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The Nu is one of only two major rivers in China yet to be dammed. But that may not last.
Last May, Premier Wen once again stopped the project until a full environmental assessment is completed. But observers say that when the 67-year-old premier steps down in 2012, full-scale construction will resume.
While environmentalists remain staunchly opposed to damming the Nu, the controversy is not black and white. China is hungry for energy and 80 percent of the country’s electrical supply is currently provided by dirty coal-fired plants. Hydropower, which accounts for just 15 percent of China’s electricity, is seen as a cleaner — albeit controversial — alternative.
The dams could also bring much needed jobs to the impoverished Nu region. The local government has estimated that 20 percent of residents in the region lack electricity, something the dams could remedy.
In Xiaoshaba, the relocated village made up primarily of Lisu people, residents said they are generally happy with their new homes — rows of spacious two-storey apartments a few miles from the old village.
“The old village and the new one are pretty much the same,” says Li Yu Xin, a 40-year-old mini-bus driver who receives a monthly relocation subsidy of $117 along with his apartment. “The only problem is we can’t keep animals — there’s no room for them. But I like the new one fine. I support the central government’s decision.”
Further upstream, near the town of Bingzhongluo, one villager, a Tibetan trekking guide, is less certain about the benefits of damming the Nu. The villager, who requested anonymity out of fear of reprisals, is in the fifth year of what he hopes will be a 20-year video documentary project chronicling the impact of the dams.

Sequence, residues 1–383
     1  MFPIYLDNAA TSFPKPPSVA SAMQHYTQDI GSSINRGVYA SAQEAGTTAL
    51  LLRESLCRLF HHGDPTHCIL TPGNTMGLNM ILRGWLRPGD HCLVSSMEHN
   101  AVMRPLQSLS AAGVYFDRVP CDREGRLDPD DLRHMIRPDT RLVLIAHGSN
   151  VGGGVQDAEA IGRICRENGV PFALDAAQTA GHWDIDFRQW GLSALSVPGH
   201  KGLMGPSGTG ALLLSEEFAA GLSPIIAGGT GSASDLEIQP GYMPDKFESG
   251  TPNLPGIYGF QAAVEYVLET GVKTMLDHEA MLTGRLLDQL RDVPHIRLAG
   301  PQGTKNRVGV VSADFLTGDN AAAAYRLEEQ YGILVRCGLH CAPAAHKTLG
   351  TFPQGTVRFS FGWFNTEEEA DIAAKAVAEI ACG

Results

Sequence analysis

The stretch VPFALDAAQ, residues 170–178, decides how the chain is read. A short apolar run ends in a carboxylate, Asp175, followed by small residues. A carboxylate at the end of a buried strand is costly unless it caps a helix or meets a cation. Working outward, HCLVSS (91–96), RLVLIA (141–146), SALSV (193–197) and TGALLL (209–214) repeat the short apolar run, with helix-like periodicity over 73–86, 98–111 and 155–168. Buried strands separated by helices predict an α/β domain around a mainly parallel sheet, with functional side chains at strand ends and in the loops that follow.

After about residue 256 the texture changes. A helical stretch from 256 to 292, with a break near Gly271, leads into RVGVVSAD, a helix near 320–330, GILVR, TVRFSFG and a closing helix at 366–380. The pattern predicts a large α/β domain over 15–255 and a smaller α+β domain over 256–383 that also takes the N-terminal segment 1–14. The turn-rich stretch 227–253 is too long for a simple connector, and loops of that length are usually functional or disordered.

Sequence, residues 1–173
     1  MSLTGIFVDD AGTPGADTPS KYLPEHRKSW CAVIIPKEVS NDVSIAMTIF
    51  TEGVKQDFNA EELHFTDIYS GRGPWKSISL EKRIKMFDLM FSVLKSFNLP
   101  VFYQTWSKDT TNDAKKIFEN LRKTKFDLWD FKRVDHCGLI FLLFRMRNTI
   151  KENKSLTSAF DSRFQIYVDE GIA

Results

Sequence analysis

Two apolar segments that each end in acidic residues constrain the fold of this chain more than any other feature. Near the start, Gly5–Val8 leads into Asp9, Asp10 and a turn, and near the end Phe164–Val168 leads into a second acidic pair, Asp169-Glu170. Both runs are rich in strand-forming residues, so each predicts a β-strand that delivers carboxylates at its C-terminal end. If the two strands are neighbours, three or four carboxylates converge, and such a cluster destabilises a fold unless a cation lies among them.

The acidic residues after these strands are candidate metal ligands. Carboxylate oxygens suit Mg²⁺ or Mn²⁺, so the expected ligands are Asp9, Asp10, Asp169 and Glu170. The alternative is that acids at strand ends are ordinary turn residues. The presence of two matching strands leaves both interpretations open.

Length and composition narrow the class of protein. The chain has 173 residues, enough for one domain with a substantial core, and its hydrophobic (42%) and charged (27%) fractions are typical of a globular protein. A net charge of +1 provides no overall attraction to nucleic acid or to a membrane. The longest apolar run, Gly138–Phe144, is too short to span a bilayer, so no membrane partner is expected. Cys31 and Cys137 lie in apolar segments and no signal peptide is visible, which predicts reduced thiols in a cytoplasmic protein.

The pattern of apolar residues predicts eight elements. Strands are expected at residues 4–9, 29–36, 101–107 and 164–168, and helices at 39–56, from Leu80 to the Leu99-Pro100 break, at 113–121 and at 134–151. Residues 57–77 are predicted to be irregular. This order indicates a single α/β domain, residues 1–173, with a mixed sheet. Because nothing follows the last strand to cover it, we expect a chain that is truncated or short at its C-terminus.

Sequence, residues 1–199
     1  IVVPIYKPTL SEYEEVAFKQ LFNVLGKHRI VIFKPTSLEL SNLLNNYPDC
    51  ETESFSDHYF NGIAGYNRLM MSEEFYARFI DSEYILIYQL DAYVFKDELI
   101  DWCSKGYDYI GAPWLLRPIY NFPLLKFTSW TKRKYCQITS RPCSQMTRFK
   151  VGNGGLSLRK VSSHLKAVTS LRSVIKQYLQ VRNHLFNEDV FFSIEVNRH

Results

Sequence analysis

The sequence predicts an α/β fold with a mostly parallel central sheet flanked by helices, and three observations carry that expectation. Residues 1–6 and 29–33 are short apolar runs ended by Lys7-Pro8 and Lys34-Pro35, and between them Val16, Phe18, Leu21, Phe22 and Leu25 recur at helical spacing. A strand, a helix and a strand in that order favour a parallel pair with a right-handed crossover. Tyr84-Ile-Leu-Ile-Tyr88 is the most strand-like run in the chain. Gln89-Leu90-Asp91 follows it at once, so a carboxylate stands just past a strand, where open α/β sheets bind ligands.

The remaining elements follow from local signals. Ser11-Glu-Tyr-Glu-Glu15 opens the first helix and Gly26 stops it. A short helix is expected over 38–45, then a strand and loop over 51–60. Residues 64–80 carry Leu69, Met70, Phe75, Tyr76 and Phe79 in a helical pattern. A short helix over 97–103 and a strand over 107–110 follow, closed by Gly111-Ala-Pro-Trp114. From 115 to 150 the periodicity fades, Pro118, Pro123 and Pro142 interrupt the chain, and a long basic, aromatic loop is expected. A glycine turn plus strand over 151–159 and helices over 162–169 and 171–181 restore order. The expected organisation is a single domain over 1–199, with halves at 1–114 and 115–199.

“People are more and more aware of the changes that would come from the dam, and they know they’re not good,” he said. “I worry about how we’re going to keep these villages alive.”
Indeed, local culture will be jeopardized should the project go ahead, says Wang Yongchen, a journalist and co-founder of the Beijing-based NGO Green Earth Volunteers, a group that was actively involved in the initial fight to save the Nu. Many villagers will have to be relocated from their traditional homes to cities up- and downstream. In one area near Liuku, a traditional Lisu bathing site will be washed away.
“If you dam the river, their culture, their tradition, disappears,” Wang said.
Dam opponents are hoping that an ongoing public awareness campaign will rally increasingly environmentally-conscious Chinese to call upon their government to protect the Nu and other areas like it.
Travis Winn, a 26-year-old American who co-founded China Rivers Project, a non-profit that aims to protect China’s river heritage, hosts rafting trips to the Nu and other rivers with influential and wealthy Chinese who are in a position to take action.
“The science is there — the dams don’t make a lot of sense. But unless there’s a more personal aspect to this, the science isn’t very useful. That’s what we’re trying to do, make a personal connection,” Winn said. “The universal response is, ‘I’ve never had this experience before. I never thought China had such beautiful places.’ It’s the time of their lives.”